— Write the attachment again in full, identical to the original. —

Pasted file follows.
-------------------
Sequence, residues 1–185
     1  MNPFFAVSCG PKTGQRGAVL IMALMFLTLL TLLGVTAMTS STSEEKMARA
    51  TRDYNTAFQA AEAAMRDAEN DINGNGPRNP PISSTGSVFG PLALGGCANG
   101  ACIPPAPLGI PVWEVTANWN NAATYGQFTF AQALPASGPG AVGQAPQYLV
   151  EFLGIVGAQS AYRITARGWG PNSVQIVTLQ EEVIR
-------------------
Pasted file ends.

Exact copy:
Sequence, residues 1–185
     1  MNPFFAVSCG PKTGQRGAVL IMALMFLTLL TLLGVTAMTS STSEEKMARA
    51  TRDYNTAFQA AEAAMRDAEN DINGNGPRNP PISSTGSVFG PLALGGCANG
   101  ACIPPAPLGI PVWEVTANWN NAATYGQFTF AQALPASGPG AVGQAPQYLV
   151  EFLGIVGAQS AYRITARGWG PNSVQIVTLQ EEVIR